Capitalism at work

The primary purpose of a for-profit company is to make money. Like  here:

 But for-profit colleges have failed to support those students, the report states, by prizing recruitment over retention. The colleges studied spent 23 percent of their revenue on marketing and recruiting, and 17 percent on instruction.

The publicly traded companies that operate for-profit colleges yielded an average profit margin of 20 percent in 2009 and paid an average of $7.3 million to their chief executives.

The companies are successful largely because they charge high tuition. Associate degree programs at for-profit colleges cost at least four times as much as comparable programs at public community colleges, $34,988 versus $8,313, the report said. Internal company documents showed tuition hikes were enacted ‘‘to satisfy company profit goals,’’ rather than to cover increased costs of educating students.

There are two basic ways that a company can do well: have a really good product; have really good marketing. As far as the company is concerned either is ok, but only one is better for the rest of us. That means if the product is important, then there needs to be regulation. That’s why there is an FDA, OSHA, and many other federal agencies–the collective we has decided that we want there to be basic requirements for food, medicine, workplace safety and other things (we do not want a company to be able to sell diseased meat for example). We have to decide whether a college needs to have basic requirements in the same way. I think the collective we will decide it’s in our best interests to have these requirements. And it’s also in the best interests of the colleges: if the abuses get too bad at a few colleges, then all of them will suffer. Done well, government regulations help private industry by giving consumers some basic trust that the products they buy have minimum standards.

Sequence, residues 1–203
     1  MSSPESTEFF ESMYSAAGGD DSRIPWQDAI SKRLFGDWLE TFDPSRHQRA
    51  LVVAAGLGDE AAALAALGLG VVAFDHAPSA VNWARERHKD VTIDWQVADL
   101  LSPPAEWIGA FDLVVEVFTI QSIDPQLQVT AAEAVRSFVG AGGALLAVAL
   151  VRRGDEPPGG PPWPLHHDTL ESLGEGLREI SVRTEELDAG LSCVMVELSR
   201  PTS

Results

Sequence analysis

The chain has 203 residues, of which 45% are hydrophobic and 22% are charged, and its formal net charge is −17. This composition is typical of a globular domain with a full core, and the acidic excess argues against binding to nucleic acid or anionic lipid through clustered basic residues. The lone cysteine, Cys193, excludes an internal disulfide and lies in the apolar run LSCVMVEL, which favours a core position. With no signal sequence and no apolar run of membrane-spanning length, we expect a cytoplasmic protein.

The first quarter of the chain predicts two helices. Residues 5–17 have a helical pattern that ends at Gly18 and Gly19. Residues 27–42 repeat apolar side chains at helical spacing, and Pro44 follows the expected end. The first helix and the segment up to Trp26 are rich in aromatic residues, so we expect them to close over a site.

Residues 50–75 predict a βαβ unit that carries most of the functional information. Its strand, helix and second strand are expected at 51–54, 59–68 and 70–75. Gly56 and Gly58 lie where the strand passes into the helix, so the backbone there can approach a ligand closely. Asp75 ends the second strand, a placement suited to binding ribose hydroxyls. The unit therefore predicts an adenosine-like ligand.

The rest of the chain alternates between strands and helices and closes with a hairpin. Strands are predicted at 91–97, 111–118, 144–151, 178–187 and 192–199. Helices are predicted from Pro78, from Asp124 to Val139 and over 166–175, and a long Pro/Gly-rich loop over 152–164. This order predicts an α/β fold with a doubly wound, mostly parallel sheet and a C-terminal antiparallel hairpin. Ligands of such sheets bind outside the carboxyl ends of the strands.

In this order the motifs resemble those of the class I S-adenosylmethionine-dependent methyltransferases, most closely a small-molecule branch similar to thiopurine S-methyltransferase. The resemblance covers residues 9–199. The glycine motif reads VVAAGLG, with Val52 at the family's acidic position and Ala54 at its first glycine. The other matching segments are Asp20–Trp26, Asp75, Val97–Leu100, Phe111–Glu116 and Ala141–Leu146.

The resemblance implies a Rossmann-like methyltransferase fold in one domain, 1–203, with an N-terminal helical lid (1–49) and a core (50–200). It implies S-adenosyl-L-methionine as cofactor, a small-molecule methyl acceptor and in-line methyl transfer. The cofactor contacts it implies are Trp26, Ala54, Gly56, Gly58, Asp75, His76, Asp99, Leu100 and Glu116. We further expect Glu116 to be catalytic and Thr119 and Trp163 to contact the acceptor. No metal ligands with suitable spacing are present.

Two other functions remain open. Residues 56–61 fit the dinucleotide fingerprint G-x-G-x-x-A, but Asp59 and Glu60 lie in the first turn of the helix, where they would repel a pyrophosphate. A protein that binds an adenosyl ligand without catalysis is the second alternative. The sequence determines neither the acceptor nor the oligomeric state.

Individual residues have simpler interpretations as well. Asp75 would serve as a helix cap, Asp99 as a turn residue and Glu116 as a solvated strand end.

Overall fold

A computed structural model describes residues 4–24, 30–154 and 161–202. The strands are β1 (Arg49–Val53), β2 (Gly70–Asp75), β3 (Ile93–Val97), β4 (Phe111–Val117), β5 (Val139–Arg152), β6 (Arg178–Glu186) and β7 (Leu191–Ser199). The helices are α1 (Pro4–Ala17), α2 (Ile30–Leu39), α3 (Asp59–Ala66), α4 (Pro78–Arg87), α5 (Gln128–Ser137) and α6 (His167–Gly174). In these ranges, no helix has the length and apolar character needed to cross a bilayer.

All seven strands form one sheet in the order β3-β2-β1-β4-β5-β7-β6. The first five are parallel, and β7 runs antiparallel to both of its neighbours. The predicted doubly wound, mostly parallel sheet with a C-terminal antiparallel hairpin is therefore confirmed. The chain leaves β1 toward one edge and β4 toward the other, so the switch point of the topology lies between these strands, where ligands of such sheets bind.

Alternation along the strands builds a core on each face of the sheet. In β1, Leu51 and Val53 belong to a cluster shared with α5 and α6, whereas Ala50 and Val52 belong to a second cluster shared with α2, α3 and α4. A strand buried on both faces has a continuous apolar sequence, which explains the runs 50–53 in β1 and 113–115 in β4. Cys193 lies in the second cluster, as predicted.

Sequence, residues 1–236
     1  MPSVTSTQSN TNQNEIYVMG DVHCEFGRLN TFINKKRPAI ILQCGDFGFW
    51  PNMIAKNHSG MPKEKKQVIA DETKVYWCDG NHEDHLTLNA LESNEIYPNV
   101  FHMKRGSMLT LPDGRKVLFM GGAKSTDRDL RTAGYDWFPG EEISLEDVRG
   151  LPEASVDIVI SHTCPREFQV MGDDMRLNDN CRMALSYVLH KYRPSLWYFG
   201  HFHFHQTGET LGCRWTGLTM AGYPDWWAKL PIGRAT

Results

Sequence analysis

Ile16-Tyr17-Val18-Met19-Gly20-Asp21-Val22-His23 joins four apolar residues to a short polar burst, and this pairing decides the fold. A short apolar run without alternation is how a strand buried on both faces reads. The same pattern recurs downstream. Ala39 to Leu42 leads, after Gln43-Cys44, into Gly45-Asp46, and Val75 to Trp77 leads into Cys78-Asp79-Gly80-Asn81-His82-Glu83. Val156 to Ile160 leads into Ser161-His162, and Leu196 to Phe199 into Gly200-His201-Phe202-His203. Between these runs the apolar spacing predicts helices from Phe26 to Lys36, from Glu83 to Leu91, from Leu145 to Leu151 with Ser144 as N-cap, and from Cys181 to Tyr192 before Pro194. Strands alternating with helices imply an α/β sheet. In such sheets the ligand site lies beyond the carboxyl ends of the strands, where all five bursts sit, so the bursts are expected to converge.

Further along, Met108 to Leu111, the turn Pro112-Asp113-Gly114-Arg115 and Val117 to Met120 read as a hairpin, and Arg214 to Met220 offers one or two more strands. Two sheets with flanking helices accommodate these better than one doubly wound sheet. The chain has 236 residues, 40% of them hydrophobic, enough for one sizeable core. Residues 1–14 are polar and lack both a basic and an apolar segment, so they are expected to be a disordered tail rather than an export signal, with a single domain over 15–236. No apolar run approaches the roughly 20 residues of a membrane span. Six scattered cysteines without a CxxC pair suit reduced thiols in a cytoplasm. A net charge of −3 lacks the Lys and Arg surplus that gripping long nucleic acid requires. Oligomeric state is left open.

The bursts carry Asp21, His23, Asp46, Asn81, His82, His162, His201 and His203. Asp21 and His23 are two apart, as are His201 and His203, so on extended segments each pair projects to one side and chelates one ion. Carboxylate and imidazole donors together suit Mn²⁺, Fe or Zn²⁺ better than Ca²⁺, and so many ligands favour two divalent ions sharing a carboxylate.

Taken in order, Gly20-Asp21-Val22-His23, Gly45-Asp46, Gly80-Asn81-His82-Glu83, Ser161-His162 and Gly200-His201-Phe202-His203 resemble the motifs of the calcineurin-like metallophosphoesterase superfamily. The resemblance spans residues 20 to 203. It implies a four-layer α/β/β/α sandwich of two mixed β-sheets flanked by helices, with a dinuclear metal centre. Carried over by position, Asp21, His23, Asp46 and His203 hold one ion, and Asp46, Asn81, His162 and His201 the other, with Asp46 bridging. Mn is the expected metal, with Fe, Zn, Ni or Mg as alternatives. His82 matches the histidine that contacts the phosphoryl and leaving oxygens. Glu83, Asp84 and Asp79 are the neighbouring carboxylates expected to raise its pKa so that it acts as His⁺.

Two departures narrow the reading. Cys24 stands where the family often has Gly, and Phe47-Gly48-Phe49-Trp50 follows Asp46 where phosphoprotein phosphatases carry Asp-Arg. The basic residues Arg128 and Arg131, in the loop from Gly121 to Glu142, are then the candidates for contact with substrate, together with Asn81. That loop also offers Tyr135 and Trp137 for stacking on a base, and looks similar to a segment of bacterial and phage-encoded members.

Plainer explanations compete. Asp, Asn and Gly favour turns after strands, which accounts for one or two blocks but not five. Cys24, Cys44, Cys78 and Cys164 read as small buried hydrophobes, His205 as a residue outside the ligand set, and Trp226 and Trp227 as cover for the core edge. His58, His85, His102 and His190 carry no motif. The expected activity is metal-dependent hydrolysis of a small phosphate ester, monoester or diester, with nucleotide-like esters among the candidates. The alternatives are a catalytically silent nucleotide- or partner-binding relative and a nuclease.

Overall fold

1 Comment (+add yours?)

  1. gold account
    Aug 04, 2012 @ 15:52:37

    Of course, it’s illegal for kids Bobby’s age to receive financial aid. But for-profit colleges haven’t always been scrupulous when it comes to raiding the federal treasury. Between student aid and G.I. Bill programs, most schools receive 90 percent of their revenue from the American taxpayer. And the recruiters — often little more than salesmen paid largely by how many people they enroll — are driven mercilessly to keep those cash registers ringing.


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